Families Citing this family (21)
Publication number  Priority date  Publication date  Assignee  Title 

US8161434B2 (en) *  20090306  20120417  Synopsys, Inc.  Statistical formal activity analysis with consideration of temporal and spatial correlations 
US8504345B1 (en) *  20091013  20130806  Sas Ip, Inc.  Statespace modelbased simulators and methods 
US8601420B1 (en)  20091204  20131203  Cadence Design Systems, Inc.  Equivalent waveform model for static timing analysis of integrated circuit designs 
US8892414B1 (en)  20100226  20141118  Sas Ip, Inc.  Transmissionline simulators and methods 
US8359558B2 (en) *  20100316  20130122  Synopsys, Inc.  Modeling of cell delay change for electronic design automation 
US8938372B1 (en)  20100909  20150120  Sas Ip, Inc.  Simulating signal integrity structures 
US9063882B1 (en)  20100909  20150623  Sas Ip, Inc.  Matrix preconditioners for simulations of physical fields 
US8924186B1 (en) *  20100909  20141230  Sas Ip, Inc.  Simulations of physical systems for multiple excitations 
US8510091B1 (en)  20100909  20130813  Sas Ip, Inc.  Domain decomposition formulations for simulating electromagnetic fields 
US8768679B2 (en) *  20100930  20140701  International Business Machines Corporation  System and method for efficient modeling of NPskew effects on static timing tests 
US20120245904A1 (en) *  20110324  20120927  International Business Machines Corporation  Waveformbased digital gate modeling for timing analysis 
US9477792B1 (en)  20120209  20161025  Sas Ip, Inc.  Enhancements to parameter fitting and passivity enforcement 
US8645883B2 (en) *  20120508  20140204  Oracle International Corporation  Integrated circuit simulation using fundamental and derivative circuit runs 
US9165105B2 (en) *  20131213  20151020  Taiwan Semiconductor Manufacturing Co., Ltd.  Rule checking for confining waveform induced constraint variation in static timing analysis 
US10031988B2 (en)  20140924  20180724  International Business Machines Corporation  Model order reduction in transistor level timing 
US9659121B1 (en)  20151214  20170523  International Business Machines Corporation  Deterministic and statistical timing modeling for differential circuits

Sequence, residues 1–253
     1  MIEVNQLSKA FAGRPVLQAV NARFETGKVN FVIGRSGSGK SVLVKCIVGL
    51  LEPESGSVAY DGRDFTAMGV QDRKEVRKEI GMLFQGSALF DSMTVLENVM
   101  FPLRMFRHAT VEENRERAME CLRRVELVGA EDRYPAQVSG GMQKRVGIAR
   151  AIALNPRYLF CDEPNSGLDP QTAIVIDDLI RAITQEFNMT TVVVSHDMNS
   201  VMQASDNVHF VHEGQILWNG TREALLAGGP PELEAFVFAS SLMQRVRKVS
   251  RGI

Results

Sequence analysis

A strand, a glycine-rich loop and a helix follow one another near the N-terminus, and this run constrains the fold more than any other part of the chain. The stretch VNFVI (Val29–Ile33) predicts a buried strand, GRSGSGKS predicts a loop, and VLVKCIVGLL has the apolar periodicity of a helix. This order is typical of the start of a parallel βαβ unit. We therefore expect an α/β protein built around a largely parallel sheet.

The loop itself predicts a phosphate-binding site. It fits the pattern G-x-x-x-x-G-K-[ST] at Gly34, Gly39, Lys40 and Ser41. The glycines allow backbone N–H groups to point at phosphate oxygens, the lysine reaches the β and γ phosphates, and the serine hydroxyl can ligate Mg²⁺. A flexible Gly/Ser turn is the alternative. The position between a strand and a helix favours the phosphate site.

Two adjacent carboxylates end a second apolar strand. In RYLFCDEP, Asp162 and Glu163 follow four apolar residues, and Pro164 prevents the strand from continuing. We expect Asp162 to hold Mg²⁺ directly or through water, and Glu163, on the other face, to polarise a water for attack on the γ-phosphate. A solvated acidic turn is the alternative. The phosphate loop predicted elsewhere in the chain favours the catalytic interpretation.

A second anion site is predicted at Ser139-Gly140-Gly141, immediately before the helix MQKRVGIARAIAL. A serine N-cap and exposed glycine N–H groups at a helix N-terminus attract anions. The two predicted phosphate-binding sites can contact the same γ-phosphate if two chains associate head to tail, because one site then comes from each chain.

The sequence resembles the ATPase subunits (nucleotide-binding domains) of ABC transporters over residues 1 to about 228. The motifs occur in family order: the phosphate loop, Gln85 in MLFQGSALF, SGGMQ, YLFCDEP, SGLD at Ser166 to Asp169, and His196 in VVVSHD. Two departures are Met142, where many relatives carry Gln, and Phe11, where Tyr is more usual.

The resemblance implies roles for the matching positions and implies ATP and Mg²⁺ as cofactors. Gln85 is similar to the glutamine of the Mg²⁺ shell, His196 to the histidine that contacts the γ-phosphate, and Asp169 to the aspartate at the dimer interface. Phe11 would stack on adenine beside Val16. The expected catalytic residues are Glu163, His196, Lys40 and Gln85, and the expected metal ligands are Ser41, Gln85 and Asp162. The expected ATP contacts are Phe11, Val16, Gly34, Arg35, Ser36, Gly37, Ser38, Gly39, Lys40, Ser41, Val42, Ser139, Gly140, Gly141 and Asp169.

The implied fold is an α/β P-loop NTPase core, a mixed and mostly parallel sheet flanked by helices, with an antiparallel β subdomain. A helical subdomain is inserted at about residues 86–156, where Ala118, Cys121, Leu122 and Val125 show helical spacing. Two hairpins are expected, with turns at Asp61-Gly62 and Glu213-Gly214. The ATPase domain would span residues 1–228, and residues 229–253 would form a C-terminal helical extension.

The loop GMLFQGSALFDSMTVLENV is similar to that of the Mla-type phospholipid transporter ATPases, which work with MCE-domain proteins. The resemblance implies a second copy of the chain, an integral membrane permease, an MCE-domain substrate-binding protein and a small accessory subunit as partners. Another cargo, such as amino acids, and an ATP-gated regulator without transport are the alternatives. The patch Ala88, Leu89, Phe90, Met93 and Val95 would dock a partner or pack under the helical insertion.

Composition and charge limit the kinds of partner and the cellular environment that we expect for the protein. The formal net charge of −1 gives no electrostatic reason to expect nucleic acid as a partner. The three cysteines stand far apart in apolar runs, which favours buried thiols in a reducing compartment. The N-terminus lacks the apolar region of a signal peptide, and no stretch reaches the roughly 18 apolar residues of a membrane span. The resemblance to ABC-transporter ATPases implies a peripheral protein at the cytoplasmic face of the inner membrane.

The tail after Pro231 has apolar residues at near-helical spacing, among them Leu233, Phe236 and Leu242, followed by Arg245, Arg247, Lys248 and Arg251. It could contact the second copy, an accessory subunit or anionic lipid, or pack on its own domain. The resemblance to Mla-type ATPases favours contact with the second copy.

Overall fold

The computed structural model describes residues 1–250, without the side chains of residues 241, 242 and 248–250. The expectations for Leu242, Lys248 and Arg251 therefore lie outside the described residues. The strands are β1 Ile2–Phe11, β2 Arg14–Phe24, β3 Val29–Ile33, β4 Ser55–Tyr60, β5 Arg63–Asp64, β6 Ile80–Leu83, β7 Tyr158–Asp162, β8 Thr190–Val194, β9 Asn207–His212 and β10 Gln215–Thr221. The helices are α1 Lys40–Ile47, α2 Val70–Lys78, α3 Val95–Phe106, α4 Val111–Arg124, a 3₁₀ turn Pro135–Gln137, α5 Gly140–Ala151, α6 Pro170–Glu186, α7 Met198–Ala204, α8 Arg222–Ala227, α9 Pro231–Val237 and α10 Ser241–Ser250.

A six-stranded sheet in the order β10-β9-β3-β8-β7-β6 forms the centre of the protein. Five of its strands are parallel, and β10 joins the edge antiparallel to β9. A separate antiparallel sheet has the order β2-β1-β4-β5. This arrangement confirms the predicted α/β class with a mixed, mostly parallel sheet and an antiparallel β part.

US10216887B1 (en) *  20151218  20190226  Cadence Design Systems, Inc.  Methods, systems, and computer program products for implementing an electronic design with time varying resistors in power gating analysis 
US10031985B2 (en) *  20160108  20180724  International Business Machines Corporation  Sensitivity calculation filtering for statistical static timing analysis of an integrated circuit 
US10185916B2 (en) *  20160609  20190122  Raytheon Bbn Technologies Corp.  Quantum circuit for high dimensional schur transform 
US10380286B2 (en)  20170220  20190813  International Business Machines Corporation  Multisided variations for creating integrated circuits 
US10444888B2 (en) *  20170831  20191015  Synaptics Incorporated  Force electrodes with nonuniform spacing 
Citations (29)
Publication number  Priority date  Publication date  Assignee  Title 

US5355321A (en) *  19920612  19941011  Digital Equipment Corporation  Static timing verification 
US6349272B1 (en) *  19990407  20020219  Cadence Design Systems, Inc.  Method and system for modeling timevarying systems and nonlinear systems 
US20020116691A1 (en) *  20000428  20020822  Trw, Inc.  Semiphysical modeling of HEMT high frequency noise equivalent circuit models 
US6457159B1 (en)  19981229  20020924  Cadence Design Systems, Inc.  Functional timing analysis for characterization of virtual component blocks 
US20020143517A1 (en)  20010129  20021003  Kabushiki Kaisha Toshiba  Logical simulation system, logical simulation method and computerreadable recorded medium 
US20020183990A1 (en)  20010111  20021205  Oleg Wasynczuk  Circuit simulation 
US20040002844A1 (en) *  20020627  20040101  Jess Jochen A.G.  System and method for statistical modeling and statistical timing analysis of integrated circuits 
US6711598B1 (en) *  19991111  20040323  Tokyo Electron Limited  Method and system for design and implementation of fixedpoint filters for control and signal processing 
US20050021319A1 (en)  20030603  20050127  Peng Li  Methods, systems, and computer program products for modeling nonlinear systems 
US6850871B1 (en) *  19991018  20050201  Agilent Technologies, Inc.  Method and apparatus for extraction of nonlinear blackbox behavioral models from embeddings of the timedomain measurements 
US20050096888A1 (en)  20010511  20050505  Ismail Yehea I.  Efficient model order reduction via multipoint moment matching 
US6928341B2 (en) *  20030513  20050809  The Boeing Company  Computational air data system for angleofattack and angleofsideslip 
US7127384B2 (en) *  20020827  20061024  Freescale Semiconductor, Inc.  Fast simulation of circuitry having SOI transistors 
US7239997B2 (en)  20030221  20070703  Matsushita Electric Industrial Co., Ltd.  Apparatus for statistical LSI delay simulation 
US20080010048A1 (en) *  20050114  20080110  ChungKuan Cheng  Efficient TransistorLevel Circuit Simulation 
US7425844B1 (en)  20020125  20080916  Altera Corporation  Input buffer for multiple differential I/O standards 
US20080244487A1 (en)  20070327  20081002  Fujitsu Limited  Delay analysis support apparatus, delay analysis support method and computer product 
US7474999B2 (en)  20021223  20090106  Cadence Design Systems, Inc.  Method for accounting for process variation in the design of integrated circuits